Dutch firm MX3D is using industrial six-axis robots, proprietary software and welding machines that deposit stainless steel from thin, molten wire to build the 40-foot-long smart pedestrian bridge spanning the Oudezijds Achterburgwal, one of the oldest canals in Amsterdam.

Equipped with sensors, the bridge streams data to the cloud where it is then processed and interpreted to visualise intelligence about bridge traffic, structural integrity, and the surrounding neighbourhood and environment. The bridge can send alerts when it needs maintenance and can even talk to roadways to time the lights better to reduce congestion at busy times.

4. San Francisco: smart cycles

One of the strategic goals of the San Francisco Municipal Transportation Agency (SFMTA) is to prioritise transport that doesn’t involve a car. Part of its vision for a sustainable transportation system includes a safe network of bicycle-friendly streets so people of all ages and ability can feel confident travelling on two wheels.

The SFMTA uses automated counters to monitor key bicycle data, which it analyses annually to get an idea of cycle use in the city. Using the information provided by these smart monitors, the SFMTA added ten miles to the bikeway network and created thirty new intersections. Of those new miles, 5.5 received physical protection from passing traffic.

More than eight million bikes were counted at forty locations in 2018, but the data showed 63 per cent of the weekly ridership was occurring in just seventeen of the fifty-one reporting counters. This information enables the city to focus its improvement efforts where they are needed most.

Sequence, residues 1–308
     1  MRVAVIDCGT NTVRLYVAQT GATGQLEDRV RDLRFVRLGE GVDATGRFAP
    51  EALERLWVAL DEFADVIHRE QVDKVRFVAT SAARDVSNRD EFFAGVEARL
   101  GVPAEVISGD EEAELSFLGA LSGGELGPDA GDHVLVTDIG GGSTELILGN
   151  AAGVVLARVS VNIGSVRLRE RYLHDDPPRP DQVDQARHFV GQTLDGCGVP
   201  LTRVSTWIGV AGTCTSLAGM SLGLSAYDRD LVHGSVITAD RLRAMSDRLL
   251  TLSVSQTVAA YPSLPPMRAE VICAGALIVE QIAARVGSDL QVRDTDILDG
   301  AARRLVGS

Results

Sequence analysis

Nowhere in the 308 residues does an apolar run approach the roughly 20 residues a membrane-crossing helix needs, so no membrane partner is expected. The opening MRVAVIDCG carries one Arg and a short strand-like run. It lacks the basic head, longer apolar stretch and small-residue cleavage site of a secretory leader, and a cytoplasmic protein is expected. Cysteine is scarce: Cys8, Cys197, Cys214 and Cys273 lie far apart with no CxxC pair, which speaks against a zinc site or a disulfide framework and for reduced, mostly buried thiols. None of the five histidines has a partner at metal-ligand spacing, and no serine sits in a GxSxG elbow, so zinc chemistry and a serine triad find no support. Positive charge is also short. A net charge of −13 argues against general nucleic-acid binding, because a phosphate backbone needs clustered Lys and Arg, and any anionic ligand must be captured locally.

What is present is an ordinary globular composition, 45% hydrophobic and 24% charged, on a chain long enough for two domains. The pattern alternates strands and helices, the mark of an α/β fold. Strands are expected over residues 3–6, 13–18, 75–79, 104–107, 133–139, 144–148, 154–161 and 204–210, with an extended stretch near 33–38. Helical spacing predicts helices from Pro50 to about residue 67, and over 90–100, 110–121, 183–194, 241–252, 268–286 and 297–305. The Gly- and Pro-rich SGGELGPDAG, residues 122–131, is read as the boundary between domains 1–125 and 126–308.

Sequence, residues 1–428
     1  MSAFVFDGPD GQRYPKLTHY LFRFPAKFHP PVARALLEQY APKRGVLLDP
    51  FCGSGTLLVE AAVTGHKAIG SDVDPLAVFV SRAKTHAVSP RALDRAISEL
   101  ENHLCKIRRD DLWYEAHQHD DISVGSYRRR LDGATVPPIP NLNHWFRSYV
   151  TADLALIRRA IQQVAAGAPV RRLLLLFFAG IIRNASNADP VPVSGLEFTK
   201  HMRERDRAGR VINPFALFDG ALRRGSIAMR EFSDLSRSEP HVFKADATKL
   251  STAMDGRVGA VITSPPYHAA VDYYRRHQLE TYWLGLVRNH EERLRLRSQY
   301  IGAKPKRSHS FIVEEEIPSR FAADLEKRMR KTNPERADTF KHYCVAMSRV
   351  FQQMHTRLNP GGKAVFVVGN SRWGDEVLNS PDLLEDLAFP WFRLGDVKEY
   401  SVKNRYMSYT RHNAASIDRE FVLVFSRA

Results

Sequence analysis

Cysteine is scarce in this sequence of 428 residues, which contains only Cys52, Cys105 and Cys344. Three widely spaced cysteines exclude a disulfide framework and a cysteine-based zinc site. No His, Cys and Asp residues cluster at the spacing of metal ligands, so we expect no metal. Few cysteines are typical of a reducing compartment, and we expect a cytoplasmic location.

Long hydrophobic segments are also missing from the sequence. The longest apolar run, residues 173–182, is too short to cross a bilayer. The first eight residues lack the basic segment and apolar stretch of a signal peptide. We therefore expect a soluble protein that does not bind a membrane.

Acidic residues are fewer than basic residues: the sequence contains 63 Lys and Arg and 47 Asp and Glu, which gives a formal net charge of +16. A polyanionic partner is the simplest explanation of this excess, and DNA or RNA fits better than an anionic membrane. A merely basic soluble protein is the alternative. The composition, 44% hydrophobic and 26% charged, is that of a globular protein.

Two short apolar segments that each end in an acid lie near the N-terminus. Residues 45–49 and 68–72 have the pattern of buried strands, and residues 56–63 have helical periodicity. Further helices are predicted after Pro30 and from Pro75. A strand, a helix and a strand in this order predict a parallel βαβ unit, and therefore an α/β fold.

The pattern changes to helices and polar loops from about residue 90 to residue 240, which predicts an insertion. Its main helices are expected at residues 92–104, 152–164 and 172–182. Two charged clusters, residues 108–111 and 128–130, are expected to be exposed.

5. Stratford, Ontario: perfect parking

Parking in cities is often frustrating and time consuming. But with the help of smart city data management, it can become a much simpler affair. Seeing the opportunity, the City of Stratford in Ontario, Canada, has invested in smart technology so visitors can spend less time trawling for a space and more time spending money in local businesses.

The city has installed 78 IoT sensors that merge information with global positioning system, or GPS, data and relay whether a parking spot is free or empty, with updates provided every half an hour to an Amazon Web Services MQTT Broker, which relays the update to the Information Builders WebFOCUS data analytics platform. WebFOCUS then creates easily read visualisations, which convey which spaces are free where, when the busiest parking periods are, and which are the preferred car parks, levels and spaces used by residents and visitors.

Stratford also embraces open data, providing parking sensor information to local entrepreneurs and developers, so they can develop apps such as directions from your car to their restaurant, with discounts to incentivise visitors.

6. The Hague: lighting up the streets